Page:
A Trip to Spey Nation

A Trip to Spey Nation

Where you’ll be among big fish, metal heads, master casters and the Spey-rod revolution.

  • By: Greg Thomas

I once dated an Oregon girl who may have weighed one-twenty after jumping into a swimming pool wearing a snowmobile suit. She was a petite thing for sure but you wouldn’t have known it on a Friday night when she’d put the guys to shame by stuffing a massive wad of Copenhagen in her lower lip and, just as shockingly, order a Jack Daniels on the rocks when the rest of us requested some watered-down beer.

Some of that attitude came from her father, who was a nuts-and-bolts timber trader who lived for his family and steelhead and not necessarily in that order. I met him when he was in his seventies and still taking month-long trips to Smithers, British Columbia, and getting his fair share of the Deschutes, Snake, Clearwater and Grande Ronde fisheries, too. I joined him on the Deschutes one day, September 11, 2001, and we fished as fighter jets passed low overhead. That morning he said, “There’s nothing we can do about it so we might as well fish,” and I suddenly pictured the Gary Larson cartoon where a nuclear plume rises in the background and one fisherman says to another,

“I’ll tell you what this means, Norm—no size restrictions and screw the limit.”

One evening, just before this girl’s dad nearly sliced off a finger with a carving knife (he was on a strict heart-healthy, no-red-meat diet and was sneaking another cut off the prime rib), I brought up Spey rods and he quickly tore them down saying, “Why would you need to fish one of those when most steelhead are caught 10 or 15 feet away from the bank?” He added, “Besides, you wouldn’t even feel the fight with a 14-foot rod.”

I shared that sentiment and chastised friends when they broke out those big sticks on Northwest steelhead streams. In fact, it wasn’t until a few years ago when I headed to Russia for Atlantic salmon that I decided to give those Spey rods a true go of it and only because I was witnessing a major Spey-rod popularity boost in the Pacific Northwest and a friend, Declan Hogan, was at the forefront of that movement. What was I missing, I wondered?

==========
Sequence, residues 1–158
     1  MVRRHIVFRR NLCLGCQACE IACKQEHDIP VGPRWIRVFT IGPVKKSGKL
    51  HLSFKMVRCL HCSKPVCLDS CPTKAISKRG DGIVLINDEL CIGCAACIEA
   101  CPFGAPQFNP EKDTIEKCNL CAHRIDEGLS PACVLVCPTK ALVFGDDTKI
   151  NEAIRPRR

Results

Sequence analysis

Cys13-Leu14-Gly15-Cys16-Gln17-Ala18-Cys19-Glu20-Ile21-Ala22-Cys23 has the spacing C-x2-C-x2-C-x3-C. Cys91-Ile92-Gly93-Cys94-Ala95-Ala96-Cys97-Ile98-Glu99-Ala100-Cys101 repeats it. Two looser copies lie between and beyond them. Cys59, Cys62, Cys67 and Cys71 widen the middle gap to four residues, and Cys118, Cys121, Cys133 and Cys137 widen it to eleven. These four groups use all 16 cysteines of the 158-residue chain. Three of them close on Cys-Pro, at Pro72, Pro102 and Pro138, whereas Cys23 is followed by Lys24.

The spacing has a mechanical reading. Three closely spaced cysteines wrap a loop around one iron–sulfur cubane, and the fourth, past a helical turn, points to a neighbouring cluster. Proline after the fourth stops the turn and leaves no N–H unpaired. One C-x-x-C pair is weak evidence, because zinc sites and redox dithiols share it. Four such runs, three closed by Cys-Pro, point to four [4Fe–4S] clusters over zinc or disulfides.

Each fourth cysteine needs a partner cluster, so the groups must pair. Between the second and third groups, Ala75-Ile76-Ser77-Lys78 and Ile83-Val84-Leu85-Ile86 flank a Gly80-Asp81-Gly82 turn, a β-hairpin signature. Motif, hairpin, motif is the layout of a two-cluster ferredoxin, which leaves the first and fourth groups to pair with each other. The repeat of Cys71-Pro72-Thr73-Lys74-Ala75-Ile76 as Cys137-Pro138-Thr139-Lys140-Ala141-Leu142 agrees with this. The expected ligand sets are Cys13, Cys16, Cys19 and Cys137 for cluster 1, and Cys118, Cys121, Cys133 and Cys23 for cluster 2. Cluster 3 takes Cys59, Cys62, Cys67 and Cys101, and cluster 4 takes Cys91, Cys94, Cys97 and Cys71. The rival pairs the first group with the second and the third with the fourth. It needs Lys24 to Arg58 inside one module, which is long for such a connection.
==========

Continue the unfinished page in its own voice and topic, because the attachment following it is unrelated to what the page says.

In Russia, not much. During a weeklong visit I caught, perhaps, 15 salmon, but failed miserably with the Spey rod because, in retrospect, I received little instruction and what was offered was so basic as to manifest itself as nothing more than a rollcast. I returned home anything but high on the Spey.

Still, I stuck with the long rod and booked a trip to western Alaska for king salmon, because I hadn’t caught kings in years and also because Hogan was the guest instructor at Alaska West that week.

That first morning on the Kanektok was spent learning, and at times I yearned for the single-hand 10-weight to make things easy and stave off embarrassment. If it wasn’t bad enough to have a fishing friend laughing at you, it was devastating to see the grimaces and hear the rooster-crows from Spey-confident fellow clients when they passed in a boat as you wrapped 12 feet of T-14 and a three-inch long Intruder around your neck.

Remember, we all went through that in the beginning, when we found grandpa’s old bamboo rod or we picked up some Abu Garcia kit stick and tried to cast in the backyard. I wondered why I would put myself through it again, similar to packing out a high-mountain mule deer buck, swearing you’ll never repeat that misery, only to stand on the same damnably steep mountain the next year thinking, what have I done? Time dampens memory but also creates fresh wounds.

Then, in the afternoon Hogan’s instruction clicked and I snap-T’d a cast to the middle of the river and said, “Whoa, what was that?” Fortunately, what followed was a steady barrage of 100-foot darts, which reminded me of basketball and those times when I found the zone and the hoop seemed four-feet wide and everything I released went through the net and I owned the only little piece of the world that mattered at the time.

With Spey, when I slowed down and didn’t force the issue, the rod actually bent and the motion seemed effortless. When I hooked a chrome-bright 30-some-pound king that afternoon, and it took me far into the backing before wrapping on a log and breaking free, I was sold. No fight? Are you kidding me. Since that time I’ve caught more kings and lots of steelhead on a Spey rod and even the A-run six-pounders give a good pull.
I now see why, years ago, when I interviewed Hogan for the book Fly Fisher’s Guide to Washington, he said with disgust about my single-hand rod preference, “So you like to trout fish for steelhead.”

I took a little offense to that statement, but also noted Hogan’s enthusiasm for the Spey rod and after spending time with him at Alaska West I realize why so many of us are now Spey-crazy and begging for excuses to chase anadromous fishes—after years of casting to and catching trout and steelhead on single-hand rods, going with the two-hander brings new challenge and reward to the equation.